"Ideally the talent should be seated, staying on axis, approximately a foot away from the mic, which should be angled back from the face a bit, not parallel to it. You'll need to see what angle provides the best results, usually a few degrees off from parallel works great — and located between the forehead and the nose, not directly in line with the mouth. This will help with plosives, mouth noise, and some other issues. Movement in the booth should be limited, as the microphone is likely to pick up arms flailing, hands rubbing, page turns, stomach growling, and so on. Keep the levels consistent, moving closer if the scene calls for a whisper, or moving back for a loud voice or scream. A well‑versed narrator is capable of delivering a dynamic performance without creating dynamic levels.”
A demo recording of you doing voice-over work is your CV and your business card combined. If you're applying for a voice-over job, you can send the potential customer your demo via the Internet. Ideally you have multiple demos for different types of gigs. For commercials, clients want to hear 60 to 90 seconds of voice work. If you're auditioning as an audiobook reader, five minutes of demo proves that you can stay in character over a longer stretch of time.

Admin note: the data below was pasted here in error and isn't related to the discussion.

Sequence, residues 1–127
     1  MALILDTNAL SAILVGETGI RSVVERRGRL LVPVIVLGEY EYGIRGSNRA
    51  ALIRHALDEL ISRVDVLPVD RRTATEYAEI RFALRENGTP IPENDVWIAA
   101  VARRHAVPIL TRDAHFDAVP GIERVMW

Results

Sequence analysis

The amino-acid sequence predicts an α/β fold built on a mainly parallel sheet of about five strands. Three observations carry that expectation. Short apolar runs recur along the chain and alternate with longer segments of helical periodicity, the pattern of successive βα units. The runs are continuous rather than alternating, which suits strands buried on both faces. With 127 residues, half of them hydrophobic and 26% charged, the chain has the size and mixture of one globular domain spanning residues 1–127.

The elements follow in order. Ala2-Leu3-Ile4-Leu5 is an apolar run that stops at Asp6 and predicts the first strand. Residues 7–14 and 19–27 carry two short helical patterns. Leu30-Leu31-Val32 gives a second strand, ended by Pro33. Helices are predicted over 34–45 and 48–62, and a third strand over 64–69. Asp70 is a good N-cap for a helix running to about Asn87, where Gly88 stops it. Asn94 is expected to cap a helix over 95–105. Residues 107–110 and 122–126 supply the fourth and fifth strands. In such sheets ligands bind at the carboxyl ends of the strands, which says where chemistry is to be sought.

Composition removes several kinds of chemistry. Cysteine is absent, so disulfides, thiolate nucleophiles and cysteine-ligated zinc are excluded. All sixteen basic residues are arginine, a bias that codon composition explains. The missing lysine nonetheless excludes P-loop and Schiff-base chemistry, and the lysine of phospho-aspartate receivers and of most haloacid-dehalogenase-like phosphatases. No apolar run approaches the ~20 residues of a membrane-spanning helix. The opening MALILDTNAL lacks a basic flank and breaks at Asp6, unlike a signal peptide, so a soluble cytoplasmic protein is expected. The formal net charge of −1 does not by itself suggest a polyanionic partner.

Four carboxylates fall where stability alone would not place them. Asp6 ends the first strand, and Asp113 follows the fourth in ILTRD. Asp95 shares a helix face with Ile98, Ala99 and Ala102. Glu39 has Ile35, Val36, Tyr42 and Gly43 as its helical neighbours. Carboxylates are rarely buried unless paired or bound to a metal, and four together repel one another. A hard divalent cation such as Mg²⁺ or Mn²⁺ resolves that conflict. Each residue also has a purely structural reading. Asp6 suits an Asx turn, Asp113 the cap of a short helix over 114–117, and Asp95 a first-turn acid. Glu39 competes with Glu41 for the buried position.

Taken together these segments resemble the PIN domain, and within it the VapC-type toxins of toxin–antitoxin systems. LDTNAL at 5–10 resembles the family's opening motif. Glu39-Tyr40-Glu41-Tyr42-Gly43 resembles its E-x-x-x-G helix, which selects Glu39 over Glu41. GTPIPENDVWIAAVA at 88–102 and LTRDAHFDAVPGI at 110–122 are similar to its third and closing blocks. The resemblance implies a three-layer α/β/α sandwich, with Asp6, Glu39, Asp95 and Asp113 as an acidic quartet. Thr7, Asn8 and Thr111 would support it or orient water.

If a client likes your demo, they may invite you to audition. In the 21st century, you can download the audition script, record the audition at home, and then send the results to your client over the Internet. Prepare yourself for a life of constant auditions: Even successful voice pros may do many more auditions than actual jobs. But if enough jobs come your way, it's worth it.


The quality of your voice over depends almost entirely o the skill of the voice actor you use. A good voice actor will have perfect enunciation (ie, be very easy to understand), speak at an ideal pace (not too fast and not too slow), and have a pleasing voice. They should also be good at acting, and able to convey the feeling or emotions required by the script, using vocal variance and tone to keep the words interesting while also embodying the desired mood.